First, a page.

- the preservation, organization, or description of materials that are not regularly accessible for research, education, or public programming
- promotion of a particular political, religious, or ideological point of view
- advocacy of a particular program of social or political action
- support of specific public policies or legislation
- projects that fall outside of the humanities and the humanistic social sciences (including the creation or performance of art; creative writing, autobiographies, memoirs, and creative nonfiction; and quantitative social science research or policy studies)
- support of non-US citizens
Online Grant Application Process
This will vary, depending on how much work you have prepared before you begin the application process. Simply filling in the form will probably take an hour, plus you will need to submit your proposal and supporting documents. You will also need to secure an senior administrator at your college or university to write a letter in support of your application. We highly recommend that you start the process several weeks before the deadline to get a sense of what is required and start preparing your materials.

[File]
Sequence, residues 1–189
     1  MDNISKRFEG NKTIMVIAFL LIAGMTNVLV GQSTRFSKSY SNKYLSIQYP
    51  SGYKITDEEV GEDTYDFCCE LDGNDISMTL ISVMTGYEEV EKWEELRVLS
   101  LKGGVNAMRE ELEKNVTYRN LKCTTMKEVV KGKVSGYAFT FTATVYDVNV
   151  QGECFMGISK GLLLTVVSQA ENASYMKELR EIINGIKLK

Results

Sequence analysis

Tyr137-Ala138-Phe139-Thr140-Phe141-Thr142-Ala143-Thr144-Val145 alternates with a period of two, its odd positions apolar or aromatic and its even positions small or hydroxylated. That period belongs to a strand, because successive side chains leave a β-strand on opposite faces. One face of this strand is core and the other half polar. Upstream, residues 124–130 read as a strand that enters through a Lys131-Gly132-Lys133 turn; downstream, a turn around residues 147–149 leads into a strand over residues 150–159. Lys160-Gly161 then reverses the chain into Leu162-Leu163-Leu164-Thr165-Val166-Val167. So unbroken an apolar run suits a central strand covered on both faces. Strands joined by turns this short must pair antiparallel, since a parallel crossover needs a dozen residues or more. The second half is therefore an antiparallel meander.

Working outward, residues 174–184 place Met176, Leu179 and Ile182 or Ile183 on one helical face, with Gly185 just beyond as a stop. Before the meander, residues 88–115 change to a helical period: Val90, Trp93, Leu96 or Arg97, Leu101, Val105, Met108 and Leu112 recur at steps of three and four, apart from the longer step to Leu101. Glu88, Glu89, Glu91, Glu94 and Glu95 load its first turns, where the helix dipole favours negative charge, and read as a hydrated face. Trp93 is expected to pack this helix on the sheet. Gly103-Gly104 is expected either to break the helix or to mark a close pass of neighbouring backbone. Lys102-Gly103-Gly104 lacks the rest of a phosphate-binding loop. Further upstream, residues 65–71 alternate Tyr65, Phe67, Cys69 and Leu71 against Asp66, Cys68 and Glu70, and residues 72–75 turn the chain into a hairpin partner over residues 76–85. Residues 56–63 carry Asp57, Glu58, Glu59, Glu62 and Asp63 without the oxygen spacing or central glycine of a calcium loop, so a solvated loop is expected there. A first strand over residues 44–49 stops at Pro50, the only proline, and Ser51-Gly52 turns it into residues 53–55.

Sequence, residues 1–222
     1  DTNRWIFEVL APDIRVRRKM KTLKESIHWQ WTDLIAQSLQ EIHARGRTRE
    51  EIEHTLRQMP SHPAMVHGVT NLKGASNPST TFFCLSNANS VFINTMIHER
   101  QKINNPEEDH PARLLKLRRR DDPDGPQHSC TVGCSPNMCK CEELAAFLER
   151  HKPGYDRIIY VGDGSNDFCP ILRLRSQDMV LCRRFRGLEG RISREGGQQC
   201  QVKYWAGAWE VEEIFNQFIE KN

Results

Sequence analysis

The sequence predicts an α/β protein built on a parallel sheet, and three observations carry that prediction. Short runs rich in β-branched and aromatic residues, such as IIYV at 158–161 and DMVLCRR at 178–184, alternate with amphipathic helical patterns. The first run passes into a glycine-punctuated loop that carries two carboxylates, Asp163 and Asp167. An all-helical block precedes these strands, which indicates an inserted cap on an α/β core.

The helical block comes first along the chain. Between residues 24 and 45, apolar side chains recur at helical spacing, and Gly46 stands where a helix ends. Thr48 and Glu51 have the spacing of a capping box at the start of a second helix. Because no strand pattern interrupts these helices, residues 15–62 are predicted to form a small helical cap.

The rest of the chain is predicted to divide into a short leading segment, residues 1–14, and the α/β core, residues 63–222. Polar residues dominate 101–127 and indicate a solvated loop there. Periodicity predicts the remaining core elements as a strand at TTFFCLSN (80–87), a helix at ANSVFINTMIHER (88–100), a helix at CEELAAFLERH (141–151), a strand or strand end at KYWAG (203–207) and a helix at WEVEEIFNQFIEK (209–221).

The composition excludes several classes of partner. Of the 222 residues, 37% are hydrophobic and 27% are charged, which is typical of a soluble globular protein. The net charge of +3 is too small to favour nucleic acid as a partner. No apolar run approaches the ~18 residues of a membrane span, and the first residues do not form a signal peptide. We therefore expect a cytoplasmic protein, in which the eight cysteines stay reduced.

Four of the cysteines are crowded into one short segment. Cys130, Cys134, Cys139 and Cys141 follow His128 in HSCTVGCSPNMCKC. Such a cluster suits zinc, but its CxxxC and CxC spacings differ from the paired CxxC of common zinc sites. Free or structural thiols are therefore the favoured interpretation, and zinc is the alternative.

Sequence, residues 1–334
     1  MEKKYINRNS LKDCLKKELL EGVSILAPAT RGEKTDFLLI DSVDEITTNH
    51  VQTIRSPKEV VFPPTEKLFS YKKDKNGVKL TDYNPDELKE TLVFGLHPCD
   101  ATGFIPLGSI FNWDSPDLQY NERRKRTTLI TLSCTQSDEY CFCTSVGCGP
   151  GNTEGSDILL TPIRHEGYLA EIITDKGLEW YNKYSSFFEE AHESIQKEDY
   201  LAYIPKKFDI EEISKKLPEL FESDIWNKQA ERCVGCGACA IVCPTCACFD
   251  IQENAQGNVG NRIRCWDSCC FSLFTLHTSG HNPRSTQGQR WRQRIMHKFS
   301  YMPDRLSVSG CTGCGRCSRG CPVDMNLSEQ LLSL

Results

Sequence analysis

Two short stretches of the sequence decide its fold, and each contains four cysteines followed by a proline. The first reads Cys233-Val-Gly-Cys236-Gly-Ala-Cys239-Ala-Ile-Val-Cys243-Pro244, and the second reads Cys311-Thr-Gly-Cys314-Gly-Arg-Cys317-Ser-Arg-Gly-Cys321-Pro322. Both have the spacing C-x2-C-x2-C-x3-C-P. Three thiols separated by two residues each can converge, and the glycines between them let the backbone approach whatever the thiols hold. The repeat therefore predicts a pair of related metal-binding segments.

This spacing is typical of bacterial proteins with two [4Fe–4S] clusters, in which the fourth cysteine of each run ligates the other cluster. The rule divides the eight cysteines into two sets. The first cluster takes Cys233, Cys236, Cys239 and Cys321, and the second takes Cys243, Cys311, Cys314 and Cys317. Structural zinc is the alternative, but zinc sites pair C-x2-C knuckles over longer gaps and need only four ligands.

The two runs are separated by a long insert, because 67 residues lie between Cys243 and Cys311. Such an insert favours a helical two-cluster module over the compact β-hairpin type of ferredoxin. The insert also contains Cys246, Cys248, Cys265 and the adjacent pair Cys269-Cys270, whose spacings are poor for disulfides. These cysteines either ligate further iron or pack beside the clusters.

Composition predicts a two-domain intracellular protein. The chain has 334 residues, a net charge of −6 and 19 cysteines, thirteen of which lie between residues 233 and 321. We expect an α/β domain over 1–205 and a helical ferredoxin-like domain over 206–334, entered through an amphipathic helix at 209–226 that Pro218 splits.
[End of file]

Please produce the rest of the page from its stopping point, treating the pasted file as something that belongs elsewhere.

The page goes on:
No, you may work on it in multiple sessions, though you will need to save your work after you finish each section of the application. Once you have submitted the application, you cannot work on it again.
Applications for ACLS Sustaining Public Engagement Grants are read by scholars from diverse fields in the humanities and interpretive social sciences who have extensive expertise in the publicly engaged humanities and project management in a range of higher education institutions.
Yes, you may request feedback generated through ACLS’s peer review process by writing to [email protected] with the subject line “Request for feedback –” followed by your full name, e.g. “Request for feedback – Jane Q. Applicant.” Requests for comments from the 2021 competition must be received by June 30, 2022.
Due to the number of requests ACLS receives each year, and the work of administering new fellowships each spring, we do not begin processing feedback until the summer, after the competition year is complete. Thank you for your patience.
Please also note that feedback is made available at the discretion of each reviewer. Comments may not be available from every reviewer who assessed your application. We encourage peer reviewers to provide constructive feedback to applicants looking to improve on their ideas or how they express those ideas; comments are not an explanation or rationale for why an application was not selected for an award. Such feedback also is not intended to be directions that, if followed, would lead necessarily to greater success in other competitions.